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From Baroque to Classical

Ensemble Musical Offering performs Telemann, Bach

May. 6, 2013
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While the lives of Georg Philipp Telemann (1681-1767) and Johann Sebastian Bach (1685-1750) were not closely intertwined, they did intersect in more than just a casual manner. Of immediate interest is the upcoming convergence of their music at the Ensemble Musical Offering’s concert at the Cathedral Church of All Saints.

Telemann, one of history’s most prolific composers, was generally considered the most important German composer of his day. Largely self-taught, his musical language incorporates German, French, Italian and Polish styles. A friend of Handel and Bach, Telemann was an important link between late Baroque and early Classical styles. Ensemble Musical Offering performs a highly characteristic Telemann piece—his Overture Wassermusik “Hamburger Ebb’ und Flut,” a multi-movement orchestral suite.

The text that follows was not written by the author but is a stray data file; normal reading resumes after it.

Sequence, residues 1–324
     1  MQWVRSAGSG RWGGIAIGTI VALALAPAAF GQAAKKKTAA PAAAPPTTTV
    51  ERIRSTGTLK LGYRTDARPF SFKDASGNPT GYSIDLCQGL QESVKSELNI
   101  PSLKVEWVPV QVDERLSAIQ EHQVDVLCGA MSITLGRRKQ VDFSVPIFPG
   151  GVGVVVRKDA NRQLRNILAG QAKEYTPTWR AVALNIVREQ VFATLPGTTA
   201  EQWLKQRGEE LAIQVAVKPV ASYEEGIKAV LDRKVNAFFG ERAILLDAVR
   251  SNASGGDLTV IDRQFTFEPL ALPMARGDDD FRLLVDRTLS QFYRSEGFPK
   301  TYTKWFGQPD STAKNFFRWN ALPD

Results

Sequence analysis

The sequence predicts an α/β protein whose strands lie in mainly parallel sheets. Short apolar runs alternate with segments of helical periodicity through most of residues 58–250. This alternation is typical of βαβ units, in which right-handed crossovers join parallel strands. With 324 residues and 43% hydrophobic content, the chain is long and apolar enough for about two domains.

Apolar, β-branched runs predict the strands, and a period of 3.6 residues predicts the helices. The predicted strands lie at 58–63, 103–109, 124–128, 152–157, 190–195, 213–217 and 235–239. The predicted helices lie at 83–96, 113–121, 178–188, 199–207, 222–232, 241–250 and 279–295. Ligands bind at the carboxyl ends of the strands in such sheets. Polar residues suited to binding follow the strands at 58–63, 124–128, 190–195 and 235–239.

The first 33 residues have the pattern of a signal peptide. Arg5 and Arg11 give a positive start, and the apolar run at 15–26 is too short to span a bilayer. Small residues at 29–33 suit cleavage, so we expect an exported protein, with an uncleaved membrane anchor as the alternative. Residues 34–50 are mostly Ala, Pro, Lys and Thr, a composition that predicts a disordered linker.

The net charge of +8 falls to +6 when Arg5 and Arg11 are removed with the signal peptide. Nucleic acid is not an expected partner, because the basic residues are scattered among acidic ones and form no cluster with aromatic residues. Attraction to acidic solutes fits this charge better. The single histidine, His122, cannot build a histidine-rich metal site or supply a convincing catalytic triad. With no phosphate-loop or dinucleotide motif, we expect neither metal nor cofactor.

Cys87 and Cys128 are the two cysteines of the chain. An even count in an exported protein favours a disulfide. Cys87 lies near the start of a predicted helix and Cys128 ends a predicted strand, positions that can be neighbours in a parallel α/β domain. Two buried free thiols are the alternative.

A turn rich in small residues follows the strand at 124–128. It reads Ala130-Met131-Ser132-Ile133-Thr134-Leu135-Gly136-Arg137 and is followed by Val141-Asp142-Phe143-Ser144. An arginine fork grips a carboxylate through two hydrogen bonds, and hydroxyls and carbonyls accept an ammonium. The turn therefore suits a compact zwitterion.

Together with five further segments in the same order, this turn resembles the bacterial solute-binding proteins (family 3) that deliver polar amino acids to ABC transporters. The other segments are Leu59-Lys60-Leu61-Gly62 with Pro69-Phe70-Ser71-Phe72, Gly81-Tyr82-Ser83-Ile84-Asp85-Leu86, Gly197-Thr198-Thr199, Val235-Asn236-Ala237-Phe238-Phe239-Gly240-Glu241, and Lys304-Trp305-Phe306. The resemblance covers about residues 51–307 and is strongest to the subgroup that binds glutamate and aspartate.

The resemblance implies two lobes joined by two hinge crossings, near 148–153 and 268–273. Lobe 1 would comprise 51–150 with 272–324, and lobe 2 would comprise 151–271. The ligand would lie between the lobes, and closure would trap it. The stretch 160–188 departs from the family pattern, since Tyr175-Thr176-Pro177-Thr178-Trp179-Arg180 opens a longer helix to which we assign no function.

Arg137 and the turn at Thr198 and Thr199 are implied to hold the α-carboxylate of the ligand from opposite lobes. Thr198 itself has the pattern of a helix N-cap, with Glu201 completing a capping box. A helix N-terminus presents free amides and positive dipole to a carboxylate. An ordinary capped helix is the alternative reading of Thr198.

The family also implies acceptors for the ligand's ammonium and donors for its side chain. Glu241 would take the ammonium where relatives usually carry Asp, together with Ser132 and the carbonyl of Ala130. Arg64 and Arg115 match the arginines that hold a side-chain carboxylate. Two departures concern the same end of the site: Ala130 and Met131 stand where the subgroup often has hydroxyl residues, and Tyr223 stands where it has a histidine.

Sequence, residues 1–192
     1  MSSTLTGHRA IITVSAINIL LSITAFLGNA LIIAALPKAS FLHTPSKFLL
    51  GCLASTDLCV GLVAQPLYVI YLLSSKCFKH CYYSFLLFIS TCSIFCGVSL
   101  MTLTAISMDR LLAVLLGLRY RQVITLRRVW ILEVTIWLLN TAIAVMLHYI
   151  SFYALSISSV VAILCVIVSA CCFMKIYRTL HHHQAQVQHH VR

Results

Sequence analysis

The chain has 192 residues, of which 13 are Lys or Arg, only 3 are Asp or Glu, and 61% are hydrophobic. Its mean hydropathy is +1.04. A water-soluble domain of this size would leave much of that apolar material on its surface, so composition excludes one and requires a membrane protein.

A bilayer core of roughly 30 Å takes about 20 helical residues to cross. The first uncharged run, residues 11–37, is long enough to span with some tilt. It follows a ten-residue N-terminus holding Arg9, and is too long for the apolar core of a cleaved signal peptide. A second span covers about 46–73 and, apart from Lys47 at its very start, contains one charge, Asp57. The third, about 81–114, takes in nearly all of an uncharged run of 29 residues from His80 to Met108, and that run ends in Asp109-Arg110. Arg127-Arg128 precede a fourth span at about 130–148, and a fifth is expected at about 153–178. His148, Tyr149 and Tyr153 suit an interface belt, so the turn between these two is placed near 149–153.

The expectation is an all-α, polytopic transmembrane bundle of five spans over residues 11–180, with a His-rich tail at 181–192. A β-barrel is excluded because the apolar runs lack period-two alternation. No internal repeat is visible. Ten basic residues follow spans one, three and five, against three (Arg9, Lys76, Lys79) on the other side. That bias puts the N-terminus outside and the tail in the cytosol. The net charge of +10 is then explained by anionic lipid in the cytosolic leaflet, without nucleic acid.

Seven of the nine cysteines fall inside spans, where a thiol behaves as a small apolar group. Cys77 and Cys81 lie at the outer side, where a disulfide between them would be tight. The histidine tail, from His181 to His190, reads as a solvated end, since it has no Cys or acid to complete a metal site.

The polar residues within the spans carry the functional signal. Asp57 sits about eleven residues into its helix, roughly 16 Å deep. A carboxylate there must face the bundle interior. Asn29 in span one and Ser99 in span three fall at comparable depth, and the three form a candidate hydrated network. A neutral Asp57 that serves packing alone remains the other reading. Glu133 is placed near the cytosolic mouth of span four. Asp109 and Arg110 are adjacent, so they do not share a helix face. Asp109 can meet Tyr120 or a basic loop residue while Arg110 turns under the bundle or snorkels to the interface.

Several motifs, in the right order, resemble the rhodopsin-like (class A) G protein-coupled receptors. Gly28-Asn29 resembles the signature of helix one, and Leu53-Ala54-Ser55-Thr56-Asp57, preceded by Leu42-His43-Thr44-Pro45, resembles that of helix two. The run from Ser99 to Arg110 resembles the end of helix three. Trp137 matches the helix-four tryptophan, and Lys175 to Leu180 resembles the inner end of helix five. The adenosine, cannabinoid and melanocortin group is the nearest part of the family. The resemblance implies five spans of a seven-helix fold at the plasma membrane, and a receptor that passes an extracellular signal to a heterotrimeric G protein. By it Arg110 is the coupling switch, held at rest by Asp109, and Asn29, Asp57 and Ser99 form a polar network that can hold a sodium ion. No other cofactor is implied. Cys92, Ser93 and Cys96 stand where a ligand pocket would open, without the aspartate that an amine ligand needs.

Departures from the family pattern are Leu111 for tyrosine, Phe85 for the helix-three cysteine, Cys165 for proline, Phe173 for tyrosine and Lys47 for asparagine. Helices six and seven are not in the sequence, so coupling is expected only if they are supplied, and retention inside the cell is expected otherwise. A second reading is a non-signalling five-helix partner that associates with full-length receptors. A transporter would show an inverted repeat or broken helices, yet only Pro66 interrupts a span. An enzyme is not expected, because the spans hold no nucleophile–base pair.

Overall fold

The word “orchestral” is used loosely, for in the Baroque sense it usually meant a rather small ensemble—a string quartet with one or more woodwinds and trumpets.

Ensemble Musical Offering also performs Bach’s Orchestral Suite in B Minor, one of four such works composed between 1725 and 1739. All four suites stand among Bach’s most popular in an oeuvre of more than 1,100 works. Interestingly, Bach was better known in his day as an organist than as a composer. While he has securely supplanted Telemann nowadays as the Baroque composer par excellence, the latter is increasingly (and rightly) receiving his due.

Ensemble Musical Offering performs both works in a concert titled “The French Bach,” held at 8 p.m. on Saturday, May 11, at Cathedral Church of All Saints, 818 E. Juneau Ave. A pre-concert talk will be offered at 7 p.m., and the event will be followed by a French pastry reception.


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